How to let go (tools to help you get through the grieving process)
If you can talk yourself into it, see a professional therapist who specializes in grief and trauma. I know I said I have a disdain for therapy, but I eventually found the right therapist to help me work it all out. I only saw her a few times but I don’t know how I could have done it without her. Most cities offer free and low-cost options, and if you do have to spend some money, what could be more worth it than your own healing and happiness?
However, this is not to say I want you to develop a co-dependent relationship on some expensive therapist or life coach. Nor do I want you to end up on a cocktail of pharmaceuticals that are probably causing more harm than good. All I am saying here is that sometimes, somebody who is trained in grief-therapy and/or treating Complex PTSD could really help you snap out of a dark pattern.
And if you do find yourself in a dark hole, please: don’t let Facebook and people who know you personally be your only therapy. They are not qualified. Find a well-recommended professional, and GO talk to them! Or, just treat yourself to a massage and some good vigorous exercise classes. These will seriously help. This brings me to my next point:
Diet and Exercise.
You already know this. Moving your body releases endorphins that help you feel happier. Getting in shape helps you feel better about yourself. Avoiding toxins like corn syrup, sugar and too much cholesterol gives your liver a chance to process the good food you are eating and give you energy instead of making you feel sluggish and depressed. For me, I found that certain types of exercise, namely dance and yoga (and the breathwork that comes with yoga) were especially helpful to my healing process.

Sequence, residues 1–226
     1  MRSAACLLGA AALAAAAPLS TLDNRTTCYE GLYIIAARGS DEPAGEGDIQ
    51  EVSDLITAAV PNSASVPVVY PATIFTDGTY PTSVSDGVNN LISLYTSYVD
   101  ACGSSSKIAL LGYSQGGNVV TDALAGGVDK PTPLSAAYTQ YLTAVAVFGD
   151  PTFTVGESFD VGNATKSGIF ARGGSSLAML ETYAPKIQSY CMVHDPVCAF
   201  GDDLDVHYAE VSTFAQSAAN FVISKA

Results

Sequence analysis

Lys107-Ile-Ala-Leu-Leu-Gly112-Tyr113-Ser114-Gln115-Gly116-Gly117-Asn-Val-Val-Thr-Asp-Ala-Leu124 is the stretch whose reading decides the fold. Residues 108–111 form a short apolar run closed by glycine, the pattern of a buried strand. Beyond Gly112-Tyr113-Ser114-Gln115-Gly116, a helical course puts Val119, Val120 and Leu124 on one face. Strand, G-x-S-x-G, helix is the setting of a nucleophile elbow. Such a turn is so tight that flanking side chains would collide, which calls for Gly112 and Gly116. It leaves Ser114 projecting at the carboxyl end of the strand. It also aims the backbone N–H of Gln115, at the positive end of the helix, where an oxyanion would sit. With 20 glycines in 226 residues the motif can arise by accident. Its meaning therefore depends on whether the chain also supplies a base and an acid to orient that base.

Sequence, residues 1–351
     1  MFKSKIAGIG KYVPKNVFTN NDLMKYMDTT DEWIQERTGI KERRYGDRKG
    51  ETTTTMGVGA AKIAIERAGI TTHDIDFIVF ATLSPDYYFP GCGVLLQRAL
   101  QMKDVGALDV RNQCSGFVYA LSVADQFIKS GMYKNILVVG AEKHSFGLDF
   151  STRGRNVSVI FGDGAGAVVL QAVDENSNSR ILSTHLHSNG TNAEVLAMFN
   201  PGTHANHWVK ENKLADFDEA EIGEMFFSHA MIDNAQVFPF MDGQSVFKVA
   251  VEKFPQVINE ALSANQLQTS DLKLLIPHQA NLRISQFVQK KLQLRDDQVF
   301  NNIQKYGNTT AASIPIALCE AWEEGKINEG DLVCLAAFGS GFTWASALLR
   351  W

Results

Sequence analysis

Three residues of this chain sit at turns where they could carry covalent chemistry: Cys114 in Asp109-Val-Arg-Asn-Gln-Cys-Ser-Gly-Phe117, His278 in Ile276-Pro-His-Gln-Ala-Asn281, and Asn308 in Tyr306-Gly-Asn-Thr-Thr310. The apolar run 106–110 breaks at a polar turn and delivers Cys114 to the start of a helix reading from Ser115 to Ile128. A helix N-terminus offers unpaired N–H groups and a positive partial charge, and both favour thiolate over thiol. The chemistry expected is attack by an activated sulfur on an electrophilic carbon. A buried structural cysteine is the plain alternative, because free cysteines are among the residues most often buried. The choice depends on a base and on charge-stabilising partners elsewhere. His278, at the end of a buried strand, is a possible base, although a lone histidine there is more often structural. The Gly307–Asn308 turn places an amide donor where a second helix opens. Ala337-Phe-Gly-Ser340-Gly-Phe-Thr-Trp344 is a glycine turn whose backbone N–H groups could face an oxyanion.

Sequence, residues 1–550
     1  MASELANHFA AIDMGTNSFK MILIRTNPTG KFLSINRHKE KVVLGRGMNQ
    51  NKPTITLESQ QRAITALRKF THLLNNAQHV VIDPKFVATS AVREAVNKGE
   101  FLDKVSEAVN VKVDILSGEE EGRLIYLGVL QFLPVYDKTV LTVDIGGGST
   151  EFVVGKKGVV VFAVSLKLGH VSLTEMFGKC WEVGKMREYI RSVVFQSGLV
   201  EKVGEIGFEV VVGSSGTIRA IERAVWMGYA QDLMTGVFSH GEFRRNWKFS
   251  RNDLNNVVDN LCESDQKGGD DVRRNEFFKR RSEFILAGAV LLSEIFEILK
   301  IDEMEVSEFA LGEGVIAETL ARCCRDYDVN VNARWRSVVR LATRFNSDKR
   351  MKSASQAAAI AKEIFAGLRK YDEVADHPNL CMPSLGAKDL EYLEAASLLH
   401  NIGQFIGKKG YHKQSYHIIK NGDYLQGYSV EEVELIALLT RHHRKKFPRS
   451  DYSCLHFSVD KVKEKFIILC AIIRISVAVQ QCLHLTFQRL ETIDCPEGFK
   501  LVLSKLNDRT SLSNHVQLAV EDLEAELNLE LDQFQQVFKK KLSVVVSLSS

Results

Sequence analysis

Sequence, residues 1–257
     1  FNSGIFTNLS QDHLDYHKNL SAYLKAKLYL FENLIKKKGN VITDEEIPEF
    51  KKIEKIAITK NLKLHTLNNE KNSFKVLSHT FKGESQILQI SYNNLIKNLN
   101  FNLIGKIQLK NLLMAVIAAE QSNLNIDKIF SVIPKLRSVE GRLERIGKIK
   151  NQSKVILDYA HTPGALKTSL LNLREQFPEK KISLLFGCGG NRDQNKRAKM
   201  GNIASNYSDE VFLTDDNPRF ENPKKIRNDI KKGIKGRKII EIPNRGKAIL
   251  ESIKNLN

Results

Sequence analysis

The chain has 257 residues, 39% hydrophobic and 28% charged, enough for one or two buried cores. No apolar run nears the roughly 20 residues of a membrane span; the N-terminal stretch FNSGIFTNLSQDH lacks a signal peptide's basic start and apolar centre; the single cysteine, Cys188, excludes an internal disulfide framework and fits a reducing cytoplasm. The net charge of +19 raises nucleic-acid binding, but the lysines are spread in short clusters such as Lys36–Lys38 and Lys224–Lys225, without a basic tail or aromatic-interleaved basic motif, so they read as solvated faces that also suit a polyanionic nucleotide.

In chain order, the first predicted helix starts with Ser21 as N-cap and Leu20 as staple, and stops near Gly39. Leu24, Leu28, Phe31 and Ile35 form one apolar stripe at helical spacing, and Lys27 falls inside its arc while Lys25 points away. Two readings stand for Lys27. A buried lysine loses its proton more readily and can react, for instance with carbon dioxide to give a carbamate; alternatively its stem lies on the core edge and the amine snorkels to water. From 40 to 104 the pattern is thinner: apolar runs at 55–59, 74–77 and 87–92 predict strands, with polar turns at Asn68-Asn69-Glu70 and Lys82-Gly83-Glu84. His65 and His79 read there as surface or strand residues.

Any movement practice helps to not feel stuck and blocked. Horrible events that happen to us leave a residue of sorts behind and exercise can help clear that out. At worse you’ll end up feeling healthier. I really started to change how I felt when I began doing yoga on a regular basis. I was cynical about it at first, but it works and has for thousands of years. I doubt you will find anyone who says they regret starting a yoga practice. There’s many ways to go about finding the right sort of yoga for you. There’s a lot of yoga online or you can most likely find a local class that you like. Some places even offer trauma informed classes. Yoga can give you a sense of awareness and control of your body that had been lost. Commit to a program and stick it out for at least four months. Think about all the time you have spent feeling bad, and try to strike a balance by spending that much time exercising and preparing healthy food.
As for food, the most important part of that puzzle is to make sure that you get some sort of natural protein in your face within a half hour of waking up. Not a breakfast person? I don’t care. Eat a handful of nuts and get on with your morning. Protein feeds the new neurons that are forming in your brain just after you wake up, and you need those new neurons to form the fresh pathways that you are trying to create with your healing process. No protein, no new pathways. That’s just scientific fact.
Yoga lead me to the practice of pranayama which is loosely translated to mean breath control. It has been the single most important healing technique for me. It has been proven that controlled breathing calms the nervous system. A regular practice of even just conscious deep breathing can reduce anxiety, stress, and depression. There are many other simple breathing techniques that can be used. Find a couple that work for you.
Drugs, sugar, alcohol: these coping mechanisms are only making things worse. They are taxing your liver, hijacking your digestive system, and literally messing with your head. Brain and body chemistry are a big part of this, so be diligent and I promise you, you will see results.